• Aerial rendering of Spirabilis v1, a synthetic landscape comprised of both artificial and natural systems.

  • Interior rendering of a typical dome cluster.

  • Photo montage of Spirabilis v1 rooftop application.

  • Exploded axonometric of various building and land management systems.

  • Axonometric diagram of resource collection, distribution, and storage systems.

Spirabilis v1


Architectural Proposal


Speculative proposal commissioned for the exhibition EcoRedux 2 at the Design Museum in Barcelona and further developed for the exhibition Elsewhere Envisioned at the Gallatin Labowitz Gallery at New York University.

Project Description

“Do you know, my friends, that a curious establishment might be founded with rooms of oxygen, where people whose system is weakened could for a few hours live a more active life. Fancy parties where the room was saturated with this heroic fluid, theaters where it should be kept at high pressure; what passion in the souls of the actors and spectators! What fire, what enthusiasm!!”  Jules Verne, Around the Moon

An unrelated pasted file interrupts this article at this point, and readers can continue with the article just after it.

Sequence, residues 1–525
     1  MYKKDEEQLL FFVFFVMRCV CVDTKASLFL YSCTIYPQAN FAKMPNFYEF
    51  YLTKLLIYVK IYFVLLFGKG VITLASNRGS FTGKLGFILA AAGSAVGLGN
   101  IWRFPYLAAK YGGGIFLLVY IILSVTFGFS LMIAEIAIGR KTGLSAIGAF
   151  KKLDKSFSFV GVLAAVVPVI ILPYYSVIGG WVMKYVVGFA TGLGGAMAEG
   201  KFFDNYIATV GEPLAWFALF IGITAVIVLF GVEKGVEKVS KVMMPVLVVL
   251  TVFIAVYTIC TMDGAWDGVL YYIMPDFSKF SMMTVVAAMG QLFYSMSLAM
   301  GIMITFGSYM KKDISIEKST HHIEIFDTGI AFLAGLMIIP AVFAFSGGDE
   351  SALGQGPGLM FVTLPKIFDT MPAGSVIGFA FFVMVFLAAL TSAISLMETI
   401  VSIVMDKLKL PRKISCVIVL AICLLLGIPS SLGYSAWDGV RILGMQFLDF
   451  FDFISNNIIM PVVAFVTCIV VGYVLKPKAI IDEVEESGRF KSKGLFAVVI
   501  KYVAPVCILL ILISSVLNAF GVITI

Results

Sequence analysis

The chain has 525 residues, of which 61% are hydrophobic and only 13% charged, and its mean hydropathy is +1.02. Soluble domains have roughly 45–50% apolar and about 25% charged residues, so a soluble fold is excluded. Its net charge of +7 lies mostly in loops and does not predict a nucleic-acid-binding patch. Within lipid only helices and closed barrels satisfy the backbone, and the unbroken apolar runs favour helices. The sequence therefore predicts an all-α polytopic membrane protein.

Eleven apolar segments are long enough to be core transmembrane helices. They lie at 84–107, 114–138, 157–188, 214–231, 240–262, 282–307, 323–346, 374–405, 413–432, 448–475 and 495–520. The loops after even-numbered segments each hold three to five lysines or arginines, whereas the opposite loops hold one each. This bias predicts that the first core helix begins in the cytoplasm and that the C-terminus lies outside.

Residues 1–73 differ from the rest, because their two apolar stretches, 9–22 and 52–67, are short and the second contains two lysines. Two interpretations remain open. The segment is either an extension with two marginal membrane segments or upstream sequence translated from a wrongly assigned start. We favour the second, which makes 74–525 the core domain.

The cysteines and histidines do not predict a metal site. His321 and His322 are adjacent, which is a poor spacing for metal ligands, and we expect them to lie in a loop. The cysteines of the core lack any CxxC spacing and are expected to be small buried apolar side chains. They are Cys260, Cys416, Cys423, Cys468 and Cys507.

pneumastudio’s inspiration for Spirabilis is Diogenes of Apollonia, ca. 5 B.C. who believed air to be the source of all being, the primal force that composed both intelligence and the soul. Nature in the constructed environment can be a bit of a sacred cow tethered to trees, shrubs, and the rolling hill.  Rather than “naturalize” the artificial, Spirabilis celebrates artificiality while harnessing the elemental means of sustaining life in a total ecological living system.

Spirabilis utilizes NASA research on closed ecological life support systems to inform the design and development of an environmentally sealed building complex, located on a remote site in Antarctica that relies on algae-harvesting technology to produce oxygen for the building’s inhabitants. Each of the building’s oxygen farms, a small forest of algae tubes suspended within a large-scale greenhouse enclosure, or “phytotron,” provides clean air to the building’s inhabitants through micro-controlled output valves. Additionally, these suspended forests of algae tubes also function as giant chandeliers, providing the phytotrons with indirect lighting at night and producing a variety of compelling visual, formal, and spatial effects. In this respect, the laws of nature are newly shaped, complemented, and extended with technology for aesthetic as well as instrumental purposes.


Project Credits



Architectural Proposal

pneumastudio: Cathryn Dwyre and Chris Perry

Design Team: Cathryn Dwyre, Chris Perry, Justin Snider, Dave Mulder